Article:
The district has also distributed iPads to 9,000 students, with plans to equip every student with a mobile device by 2017. Funding for the mobile devices involved a budget shift, explains Bockwoldt. The district is reducing the size of its computer labs, which now contain 6,300 computers; instead of spending money to replace them, it’s using those funds for mobile devices.

“As we moved ahead, we were able to grow capacity and show achievement rates,” Bockwoldt says. “In freshman math, a non-iPad class had an 88 percent [passing] rate, which means students had an A, B, or C, and 12 percent had Ds or Fs. In an iPad class, that shot up to a 93 percent success rate. It’s now 100 percent.”

Is that improvement due to the device or the teachers? Bockwoldt credits both. While technology certainly engages students, he says teaching has dramatically changed. Teachers and students can communicate off campus in real time. Students are crowdsourcing with one another as they work through homework assignments. Just as important, learning has become a continuous process, both on and off campus.

And those students in mobile home parks and elsewhere who initially couldn’t take part in the district’s digital transformation? That gap was filled last year when District 214 received a grant from Sprint, providing nearly 4 percent of its student population with Internet connectivity in their homes.

“Sprint [and the district teamed up to] provide approximately 400 MiFi hotspots for students who didn’t have Internet access at home,” Bockwoldt says, referring to routers that provide mobile Internet access. Sprint then provided the families with four years of free ultra-high-speed Sprint 4G LTE services. Without Internet connectivity, these students had to complete their homework at stores or other places that have WiFi, Bockwoldt adds. Now, all students can learn at their own pace, on their own time.

Many take advantage of that flexibility. Based on data pulled from the district’s management learning system, some students log in at two o’clock in the morning to submit assignments.

“I feel really good knowing we are closing this gap for students who can’t afford [connectivity] and giving them the same opportunity to go home, learn, do their homework, and submit it just like any other student,” says Bockwoldt.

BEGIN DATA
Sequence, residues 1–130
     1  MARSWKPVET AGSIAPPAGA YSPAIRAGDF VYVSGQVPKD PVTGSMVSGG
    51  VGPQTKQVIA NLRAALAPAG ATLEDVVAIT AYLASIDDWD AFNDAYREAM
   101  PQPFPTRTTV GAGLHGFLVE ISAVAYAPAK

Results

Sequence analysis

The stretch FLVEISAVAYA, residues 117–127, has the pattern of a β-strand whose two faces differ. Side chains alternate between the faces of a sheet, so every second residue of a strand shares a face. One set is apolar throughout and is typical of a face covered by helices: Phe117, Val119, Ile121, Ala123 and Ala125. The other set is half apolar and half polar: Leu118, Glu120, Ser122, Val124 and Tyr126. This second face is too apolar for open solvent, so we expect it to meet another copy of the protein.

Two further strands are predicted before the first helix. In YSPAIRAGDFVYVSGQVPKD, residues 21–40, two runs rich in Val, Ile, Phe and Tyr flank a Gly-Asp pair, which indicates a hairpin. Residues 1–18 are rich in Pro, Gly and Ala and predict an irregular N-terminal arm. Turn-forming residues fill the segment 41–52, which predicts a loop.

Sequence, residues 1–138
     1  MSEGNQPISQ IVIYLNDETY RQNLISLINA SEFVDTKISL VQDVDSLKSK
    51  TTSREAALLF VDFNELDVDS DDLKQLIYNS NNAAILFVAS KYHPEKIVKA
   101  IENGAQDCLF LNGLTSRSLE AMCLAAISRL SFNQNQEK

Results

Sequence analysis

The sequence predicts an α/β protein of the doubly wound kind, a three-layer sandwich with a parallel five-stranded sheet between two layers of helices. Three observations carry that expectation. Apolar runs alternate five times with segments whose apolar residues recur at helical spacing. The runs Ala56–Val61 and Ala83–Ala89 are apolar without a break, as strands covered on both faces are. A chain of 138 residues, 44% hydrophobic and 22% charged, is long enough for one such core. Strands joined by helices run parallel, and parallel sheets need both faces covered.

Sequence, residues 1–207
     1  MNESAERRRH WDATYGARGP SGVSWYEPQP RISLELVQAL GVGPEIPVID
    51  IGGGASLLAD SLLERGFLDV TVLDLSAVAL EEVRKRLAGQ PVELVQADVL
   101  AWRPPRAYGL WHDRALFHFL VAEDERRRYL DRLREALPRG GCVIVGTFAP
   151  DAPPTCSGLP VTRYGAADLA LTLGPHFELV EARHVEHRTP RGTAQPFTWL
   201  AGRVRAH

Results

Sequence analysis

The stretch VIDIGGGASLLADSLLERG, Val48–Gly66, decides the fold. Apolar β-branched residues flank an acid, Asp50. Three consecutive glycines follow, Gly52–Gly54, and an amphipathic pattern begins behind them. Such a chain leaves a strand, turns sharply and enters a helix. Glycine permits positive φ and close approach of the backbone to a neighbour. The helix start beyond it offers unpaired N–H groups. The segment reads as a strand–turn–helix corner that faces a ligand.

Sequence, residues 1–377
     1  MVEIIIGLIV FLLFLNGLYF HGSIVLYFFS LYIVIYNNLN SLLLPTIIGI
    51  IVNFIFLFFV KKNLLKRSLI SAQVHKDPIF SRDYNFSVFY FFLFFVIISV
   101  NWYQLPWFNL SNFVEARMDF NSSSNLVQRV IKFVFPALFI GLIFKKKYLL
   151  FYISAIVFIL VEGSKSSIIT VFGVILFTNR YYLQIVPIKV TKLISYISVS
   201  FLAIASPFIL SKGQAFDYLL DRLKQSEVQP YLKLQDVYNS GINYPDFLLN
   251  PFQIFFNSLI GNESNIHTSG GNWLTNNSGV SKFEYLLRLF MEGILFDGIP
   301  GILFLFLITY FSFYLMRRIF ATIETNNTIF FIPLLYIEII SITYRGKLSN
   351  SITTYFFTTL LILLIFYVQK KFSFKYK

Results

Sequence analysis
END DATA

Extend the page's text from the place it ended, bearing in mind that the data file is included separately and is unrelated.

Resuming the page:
Custom-Made Learning

Linda Ashida is an innovative technology facilitator (ITF) at Elk Grove High School. Having Internet connectivity, she says, offers choice.

Consider the English teacher who has both struggling and advanced readers in his class, or the math teacher with a small number of students who didn’t perform well on a test. With Internet resources, Ashida says, there are many ways these teachers can organize student learning and respond to each student’s unique needs. For instance, they might offer afterschool help by providing review sessions on iPads, inviting students to jump in and collaborate.

“We’re able to personalize and differentiate learning,” she says. “We also let students use social media to share their learning and gain authentic audiences. We have students who write blogs and tweet about their class work.”

For incoming freshman, the district offers a two-day orientation at the beginning of each school year. Students are divided into roughly 20 groups, each facilitated by a teacher. During the orientation, each group participates in seven or eight workshops that focus on a wide range of topics, such as learning with technology, digital citizenship, and communicating via e-mail.

Ashida, who taught AP Spanish for several years before moving into her current position, says she noticed improvement among her students the first year they started using iPads. Learning with technology enhanced student engagement and ownership, encouraged more content creation and self-direction, and increased the student pass rate by 11 percent, she says. The district requires teachers to complete a blended graduate course that consists of online instruction and classroom sessions. Offered by Quincy University, the course was designed by the district’s teachers and focuses on developing iPad lessons for the classroom.

In her current role, Ashida, along with other ITFs and four district coaches, helps teachers implement and take advantage of technology in various ways. She and her colleagues offer classroom observations, conduct drop-in workshops, coordinate teacher-led sessions, provide technology demonstrations, and share best practices on Twitter and via a district blog.

With the involvement of Sprint through ConnectED, says Ashida, students without Internet access at home no longer have to jump through hoops to get their work done. One student, she says, had to write papers on her cell phone and another could access her neighbor’s WiFi but had to sit outside his house at night in an unsafe neighborhood to complete her homework.

“Even though we gave students iPads, they weren’t able to fully use them,” she says. “Sprint is making all of this transformative learning available to each and every student in our district, which is huge and very exciting.”

The iPad’s Impact on Learning
District 214 has charted students’ progress since providing them with iPads beginning in the 2012-13 school year. Here are percentage increases for students earning at least a C in intermediate algebra.

2011-12 (non-iPad)   60%
2012-13                     93%
2013-14                     92%